A recent dispute between India and Iran over the development of the offshore Farzad-B gas field in the Persian Gulf has been seen as a major step that forced Indian oil refiners to reduce imports from Tehran.
 
IOCL and Mangalore Refinery and Petrochemicals Ltd (MRPL), which were the largest buyers of Iranian crude, had reduced imports of about 1 million tonnes each from the previous year imports.
 
Bharat Petroleum Corp Ltd (BPCL) and Hindustan Petroleum Corp Ltd (HPCL) also decided to reduce oil imports from Iran by 0.5 million metric tonnes each to 1.5 million tonnes.
 
Latest available data provided by Director General of Hydrocarbon (DGH), suggests that total crude oil production in India during the 2015-2016 financial year was 36.95 million metric tonnes, whereas cumulative natural gas production was 32.249  billion cubic metres.
 
Analysts are of the view that as the current domestic production is not enough to meet the rising energy demands, so import is the only options,. However, price factor is also important, so India decided to diversify its crude source from Middle Eastern countries to the United States and other available options.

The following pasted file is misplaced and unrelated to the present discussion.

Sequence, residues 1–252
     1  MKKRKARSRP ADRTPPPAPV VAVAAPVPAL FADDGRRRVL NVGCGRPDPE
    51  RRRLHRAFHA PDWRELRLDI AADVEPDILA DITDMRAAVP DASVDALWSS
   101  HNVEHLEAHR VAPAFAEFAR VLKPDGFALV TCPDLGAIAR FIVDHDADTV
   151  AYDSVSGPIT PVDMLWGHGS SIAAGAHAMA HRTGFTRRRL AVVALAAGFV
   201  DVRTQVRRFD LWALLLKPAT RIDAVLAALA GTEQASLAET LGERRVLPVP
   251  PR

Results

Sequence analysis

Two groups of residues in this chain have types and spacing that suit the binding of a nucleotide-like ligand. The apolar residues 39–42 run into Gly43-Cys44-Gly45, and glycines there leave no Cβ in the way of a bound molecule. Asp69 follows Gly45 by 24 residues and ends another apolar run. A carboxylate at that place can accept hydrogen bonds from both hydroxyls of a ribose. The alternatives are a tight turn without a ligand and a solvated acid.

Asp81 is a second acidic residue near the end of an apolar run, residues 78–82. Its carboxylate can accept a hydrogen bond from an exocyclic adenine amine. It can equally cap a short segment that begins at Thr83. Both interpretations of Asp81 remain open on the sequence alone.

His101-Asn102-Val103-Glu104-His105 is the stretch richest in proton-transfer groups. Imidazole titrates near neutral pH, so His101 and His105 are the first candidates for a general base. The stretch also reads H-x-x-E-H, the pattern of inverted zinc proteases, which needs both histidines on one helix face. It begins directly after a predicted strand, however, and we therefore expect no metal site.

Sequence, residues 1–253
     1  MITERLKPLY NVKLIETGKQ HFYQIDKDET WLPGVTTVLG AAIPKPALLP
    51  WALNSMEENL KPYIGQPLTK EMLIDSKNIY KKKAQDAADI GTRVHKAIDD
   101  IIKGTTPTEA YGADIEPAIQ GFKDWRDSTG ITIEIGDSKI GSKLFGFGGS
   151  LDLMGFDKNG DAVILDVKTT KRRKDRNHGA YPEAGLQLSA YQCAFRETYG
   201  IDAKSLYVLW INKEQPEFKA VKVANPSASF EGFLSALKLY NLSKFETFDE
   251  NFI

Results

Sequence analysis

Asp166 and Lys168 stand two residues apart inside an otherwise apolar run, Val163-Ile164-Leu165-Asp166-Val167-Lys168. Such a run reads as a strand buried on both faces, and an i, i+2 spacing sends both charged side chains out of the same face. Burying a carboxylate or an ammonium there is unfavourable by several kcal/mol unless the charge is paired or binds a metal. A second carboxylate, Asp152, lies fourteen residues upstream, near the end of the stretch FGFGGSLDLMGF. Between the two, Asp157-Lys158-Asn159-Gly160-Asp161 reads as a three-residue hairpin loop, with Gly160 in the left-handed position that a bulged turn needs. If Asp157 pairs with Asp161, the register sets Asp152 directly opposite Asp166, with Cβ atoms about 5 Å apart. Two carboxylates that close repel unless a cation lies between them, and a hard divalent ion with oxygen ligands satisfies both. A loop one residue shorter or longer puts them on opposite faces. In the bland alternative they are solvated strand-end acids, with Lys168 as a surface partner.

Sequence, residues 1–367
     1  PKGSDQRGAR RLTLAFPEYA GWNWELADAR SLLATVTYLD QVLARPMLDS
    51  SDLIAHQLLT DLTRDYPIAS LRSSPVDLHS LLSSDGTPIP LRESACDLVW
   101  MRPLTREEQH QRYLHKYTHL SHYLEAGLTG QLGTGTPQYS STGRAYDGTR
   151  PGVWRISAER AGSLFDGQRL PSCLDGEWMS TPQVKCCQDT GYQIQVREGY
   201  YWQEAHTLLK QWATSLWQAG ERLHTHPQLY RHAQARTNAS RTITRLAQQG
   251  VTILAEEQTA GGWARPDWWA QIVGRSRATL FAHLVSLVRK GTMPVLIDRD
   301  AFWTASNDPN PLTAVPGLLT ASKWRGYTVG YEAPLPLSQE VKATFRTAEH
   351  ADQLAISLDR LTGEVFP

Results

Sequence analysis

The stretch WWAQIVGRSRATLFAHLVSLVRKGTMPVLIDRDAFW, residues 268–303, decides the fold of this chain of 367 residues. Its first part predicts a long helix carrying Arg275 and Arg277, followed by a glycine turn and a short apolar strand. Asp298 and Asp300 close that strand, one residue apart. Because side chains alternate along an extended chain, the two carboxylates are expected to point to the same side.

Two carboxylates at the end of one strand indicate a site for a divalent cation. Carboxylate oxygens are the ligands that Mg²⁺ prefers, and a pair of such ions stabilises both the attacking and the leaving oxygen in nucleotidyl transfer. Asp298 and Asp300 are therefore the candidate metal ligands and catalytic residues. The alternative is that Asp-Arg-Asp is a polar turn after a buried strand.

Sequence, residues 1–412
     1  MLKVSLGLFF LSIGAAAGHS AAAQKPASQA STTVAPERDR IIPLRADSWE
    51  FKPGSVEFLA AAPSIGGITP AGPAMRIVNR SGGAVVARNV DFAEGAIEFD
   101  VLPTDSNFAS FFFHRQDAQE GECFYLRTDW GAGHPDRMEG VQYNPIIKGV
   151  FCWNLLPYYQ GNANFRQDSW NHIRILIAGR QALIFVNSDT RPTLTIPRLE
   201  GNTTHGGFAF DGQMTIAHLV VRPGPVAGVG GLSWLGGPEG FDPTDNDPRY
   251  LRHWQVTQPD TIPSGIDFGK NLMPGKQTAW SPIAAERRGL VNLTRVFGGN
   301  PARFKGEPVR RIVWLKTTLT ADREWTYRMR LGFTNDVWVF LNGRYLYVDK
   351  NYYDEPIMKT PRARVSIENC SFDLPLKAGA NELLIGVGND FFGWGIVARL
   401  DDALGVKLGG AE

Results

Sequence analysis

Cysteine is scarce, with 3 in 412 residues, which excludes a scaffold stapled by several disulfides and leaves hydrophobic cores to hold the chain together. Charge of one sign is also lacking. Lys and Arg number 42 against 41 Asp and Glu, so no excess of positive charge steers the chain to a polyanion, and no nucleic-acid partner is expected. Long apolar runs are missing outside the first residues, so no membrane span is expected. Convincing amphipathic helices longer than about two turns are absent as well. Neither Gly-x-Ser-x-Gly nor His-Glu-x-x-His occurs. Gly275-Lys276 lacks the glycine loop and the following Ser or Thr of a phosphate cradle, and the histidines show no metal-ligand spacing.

India – a rising gas market
 
Experts say since the domestic gas output has been declining for years, the dependence on imported LNG has to increase. The economy in India is expanding and industries and households are increasing their consumption of natural gas.
 
Platts says that India’s domestic gas production is set to rise to 37 Bcm by 2021 and consumption to hit 72 Bcm over the same period. Additional gas demand will have to be met by rising LNG imports. Currently India imports almost 36% of its gas requirements.
 
India looks for gas imports from the United States, Australia and other options including African countries. Analysts say that shale gas imports from the US is expected to be a cost-effective fuel source for fertilizer and power producers in India. Market observers also sees rise in American gas as they believe that the US gas to India would not exceed $6 per million metric British thermal unit.
 
India is also negotiating with Japan to hire very large container carriers (VLCC) for the transport of large volumes of gas as it looks at diversifying its energy mix.
 
India already maintains long-term gas supply contracts with Australia and Russia and is now looking for cooperation with African countries such as Mozambique.

Freelance Writer